I started with my shoes. They were the first item I bought for the wedding and they fit right in to my dream colour scheme. I also found a gorgeous box we might use as the wishing well. It will need to be relined but that wont be too difficult.

Ive started sorting doilies for a few different projects and we're making an inspiration book to keep a record of all our ideas and plans.

Here's a sneak peek ...




Tuesday, October 12, 2010

Tutorial - Fabric Chain Decoration

Fabric Chain Decoration

  
Materials
·         Fabric - depends on how many chain links you want
o   Each link requires 6cm x 24cm
o   10 will give you approximately 1 meter of chain

·         Heavy weight fusible interfacing
·         Scissors
·         Loop turner or bodkin
·         Safety pin
·         Thread
·         Optional Velcro or snap fasteners or press stud fasteners


STEP 1
Cut each piece of fabric to 6cm x 24cm
You could vary these measurements depending on how wide you want your chains to be. I wouldn’t recommend going smaller than a width of 5cm or you may find it too difficult to turn the fabric right side out
At the same time cut a piece of heavy fusible interfacing. I cut mine 1.5cm x 21cm.
You’ll want the interfacing to be about 1cm smaller in width and about 3cm shorter in length than the finished size of the finished strip. You’ll need one strip of interfacing for each fabric strip you cut.



STEP 2
Take your fabric piece and fold it lengthwise, right sides together. Sew along the long edge using a 1.5cm seam allowance
Turn right side out using the loop turner or bodkin and iron flat, placing the seam in the middle of one side (this will be the inside of the ring)


Insert the interfacing strip, positioning the fusible side so it will be attached to the side without the seam.  Try using a safety pin attached to one end of the interfacing if it’s tricky to get into the tube of fabric.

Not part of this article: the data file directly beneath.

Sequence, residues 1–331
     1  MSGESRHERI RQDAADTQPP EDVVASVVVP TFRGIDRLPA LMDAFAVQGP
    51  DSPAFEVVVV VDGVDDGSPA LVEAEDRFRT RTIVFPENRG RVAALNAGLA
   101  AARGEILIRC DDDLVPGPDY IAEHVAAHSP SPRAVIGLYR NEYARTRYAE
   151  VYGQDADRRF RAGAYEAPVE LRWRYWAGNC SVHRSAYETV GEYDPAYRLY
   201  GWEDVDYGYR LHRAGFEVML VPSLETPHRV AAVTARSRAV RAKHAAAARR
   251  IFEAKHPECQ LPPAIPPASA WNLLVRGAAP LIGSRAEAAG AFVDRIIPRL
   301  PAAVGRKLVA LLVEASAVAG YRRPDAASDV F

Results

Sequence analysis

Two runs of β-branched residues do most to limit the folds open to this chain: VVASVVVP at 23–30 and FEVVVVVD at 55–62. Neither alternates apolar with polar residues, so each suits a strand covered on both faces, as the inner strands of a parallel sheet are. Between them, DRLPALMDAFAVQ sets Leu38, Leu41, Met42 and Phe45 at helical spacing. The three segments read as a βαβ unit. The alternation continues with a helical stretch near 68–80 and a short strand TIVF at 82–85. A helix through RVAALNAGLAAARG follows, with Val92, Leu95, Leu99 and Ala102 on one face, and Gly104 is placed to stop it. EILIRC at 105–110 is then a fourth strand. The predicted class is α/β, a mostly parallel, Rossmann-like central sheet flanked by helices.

Repeat this process for all the fabric strips you have cut out. Make as many as you’d like to create a chain of your desired length, remembering that 10 will give you approximately 1 metre.


STEP 3
Tuck the ends of the strips into the tube about 1 – 1.5cm


STEP 4
Now you’ll want to attach these pieces together to form the rings. There are a few options here
1.      You could order them as you’d like and simply sew the ends together, interlocking the rings as you go.
2.      Or, if you want to make a chain where the rings could be opened and reorganized, you may want to use Velcro or snaps as the fastener for each ring.  Cut a small piece of Velcro, about an inch square and sew one side of the Velcro to the end of one of your strips. Sew the second piece to the reverse side of the other side of the strip.
3.      To use snaps simply stitch the snaps onto the ends of your strips.

I used press studs as these have a nice clean finish to them and are easy for the kids to link together. I can also use these as a toy for the younger kids, napkin rings or bracelets.











Friday, October 1, 2010

Wedding Dreams ... Colourscope ... green

So ... after nearly 18 years of knowing eachother, 1 yr of an intense high school relationship and engagement (broken) 3 yrs of weaving in and out of eachothers lives, another 3 years of on again off again, and then moving in together and interstate, 10 years of living together, 2 children (8yrs and 4yrs), 6 yrs of engagement ... we have decided to actually do it ... we're getting hitched

Next year is the planned wedding time. I have a lot of ideas, and so does my beloved so to start I thought I'd introduce my inspirational colourscope ... colour by colour ... starting with green

Note these posts are all about the saturation of colour and how it will inspire us ... these may not be actual ideas used ...




Atonement - that dress